Holmes v. Faycus, 85 N.M. 740, 516 P.2d 1123 (1973)

Nov. 21, 1973 · Court of Appeals of New Mexico · No. 1051
85 N.M. 740, 516 P.2d 1123

516 P.2d 1123

James O. HOLMES, Laurie Holmes, his wife, and Nancy E. Walker, Plaintiffs-Appellees, v. Joseph J. FAYCUS and Patricia A. Faycus, his wife, Defendants-Appellants.

No. 1051.

Court of Appeals of New Mexico.

Nov. 21, 1973.

William S. Dixon, Rodey Dickason, Sloan, Akin & Robb, P. A., Albuquerque, for defendants-appellants.

Michael Joseph Caplan, Legal Aid Society of Albuquerque, Albuquerque, for plaintiffs-appellees.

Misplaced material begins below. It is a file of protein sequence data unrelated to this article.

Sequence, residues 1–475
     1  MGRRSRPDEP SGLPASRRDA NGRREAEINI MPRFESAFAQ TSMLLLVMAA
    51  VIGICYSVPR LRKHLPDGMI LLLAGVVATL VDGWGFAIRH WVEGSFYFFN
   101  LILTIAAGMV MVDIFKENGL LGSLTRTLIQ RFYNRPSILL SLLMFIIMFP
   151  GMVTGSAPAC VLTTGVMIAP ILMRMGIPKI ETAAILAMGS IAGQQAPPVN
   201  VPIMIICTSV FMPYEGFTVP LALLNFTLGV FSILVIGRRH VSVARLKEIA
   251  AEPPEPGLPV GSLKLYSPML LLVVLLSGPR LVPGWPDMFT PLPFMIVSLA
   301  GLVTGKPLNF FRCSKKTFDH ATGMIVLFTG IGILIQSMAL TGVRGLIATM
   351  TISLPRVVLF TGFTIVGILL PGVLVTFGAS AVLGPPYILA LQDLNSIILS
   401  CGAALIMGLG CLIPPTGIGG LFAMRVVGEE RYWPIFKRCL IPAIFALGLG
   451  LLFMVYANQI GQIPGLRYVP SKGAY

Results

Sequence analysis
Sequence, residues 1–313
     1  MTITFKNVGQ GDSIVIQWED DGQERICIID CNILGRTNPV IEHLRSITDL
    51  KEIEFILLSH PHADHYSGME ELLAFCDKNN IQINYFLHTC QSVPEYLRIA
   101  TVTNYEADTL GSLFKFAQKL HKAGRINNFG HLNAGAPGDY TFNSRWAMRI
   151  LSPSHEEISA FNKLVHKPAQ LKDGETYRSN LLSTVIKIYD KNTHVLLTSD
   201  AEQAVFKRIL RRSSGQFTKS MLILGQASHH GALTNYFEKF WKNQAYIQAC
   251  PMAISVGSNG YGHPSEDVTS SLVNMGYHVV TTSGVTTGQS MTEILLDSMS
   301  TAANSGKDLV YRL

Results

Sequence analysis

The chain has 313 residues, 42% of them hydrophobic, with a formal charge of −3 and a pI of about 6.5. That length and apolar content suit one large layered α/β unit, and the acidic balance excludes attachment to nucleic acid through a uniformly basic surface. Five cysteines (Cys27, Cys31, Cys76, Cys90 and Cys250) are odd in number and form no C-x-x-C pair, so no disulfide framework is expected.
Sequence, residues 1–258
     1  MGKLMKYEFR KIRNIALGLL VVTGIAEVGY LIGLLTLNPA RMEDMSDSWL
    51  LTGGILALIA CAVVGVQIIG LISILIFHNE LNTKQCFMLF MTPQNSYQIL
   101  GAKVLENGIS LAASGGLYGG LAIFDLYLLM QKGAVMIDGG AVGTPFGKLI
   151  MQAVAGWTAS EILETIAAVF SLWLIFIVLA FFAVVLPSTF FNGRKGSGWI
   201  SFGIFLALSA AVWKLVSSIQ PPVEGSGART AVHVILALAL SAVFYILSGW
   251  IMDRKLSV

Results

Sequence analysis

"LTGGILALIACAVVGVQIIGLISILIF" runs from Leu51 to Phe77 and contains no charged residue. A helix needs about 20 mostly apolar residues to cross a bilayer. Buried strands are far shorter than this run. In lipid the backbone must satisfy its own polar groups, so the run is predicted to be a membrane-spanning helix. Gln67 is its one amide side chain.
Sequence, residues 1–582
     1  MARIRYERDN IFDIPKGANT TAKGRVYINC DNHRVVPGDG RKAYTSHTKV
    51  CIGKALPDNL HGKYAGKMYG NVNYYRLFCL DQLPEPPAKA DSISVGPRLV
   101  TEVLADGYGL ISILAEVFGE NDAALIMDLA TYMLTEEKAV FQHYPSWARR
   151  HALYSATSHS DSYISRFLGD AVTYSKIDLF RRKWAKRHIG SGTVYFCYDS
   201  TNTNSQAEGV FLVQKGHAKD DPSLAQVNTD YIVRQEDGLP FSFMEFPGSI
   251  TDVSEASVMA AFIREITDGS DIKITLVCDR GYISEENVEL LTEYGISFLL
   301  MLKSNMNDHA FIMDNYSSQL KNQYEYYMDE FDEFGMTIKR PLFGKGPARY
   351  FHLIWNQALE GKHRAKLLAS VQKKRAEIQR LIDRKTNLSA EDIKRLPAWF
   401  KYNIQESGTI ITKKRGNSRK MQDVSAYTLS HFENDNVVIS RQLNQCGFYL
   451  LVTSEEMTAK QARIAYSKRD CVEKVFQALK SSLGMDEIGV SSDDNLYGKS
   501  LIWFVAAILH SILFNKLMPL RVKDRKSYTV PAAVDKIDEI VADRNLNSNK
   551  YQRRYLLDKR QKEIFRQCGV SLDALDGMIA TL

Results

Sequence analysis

The circtimstances out of which this appeal arose are as follows: The plaintiffs on or about August 28, 1971 contacted the defendants seeking to rent a house owned by defendants and located in the Village of Corrales. On that date an oral lease was entered into the term of which was one of the issues litigated below. The plaintiffs took possession of the premises on September 1st and on September 29th the defendants served notice upon them that their lease would terminate on October 31, 1971. The plaintiffs filed suit on November 2, 1971 and simultaneously secured an ex parte order enjoining the defendants from " * * * removing or causing the removal of Plaintiffs. * * * ” Plaintiffs’ complaint alleged fraud for inducing them to enter into a one year lease when defendants intended to evict them as soon as they had sold the house in which defendants were living. They prayed for actual and punitive damages, attorneys fees and “ * * * [t]hat the Court declare and adjudicate the rights and interest of the parties.”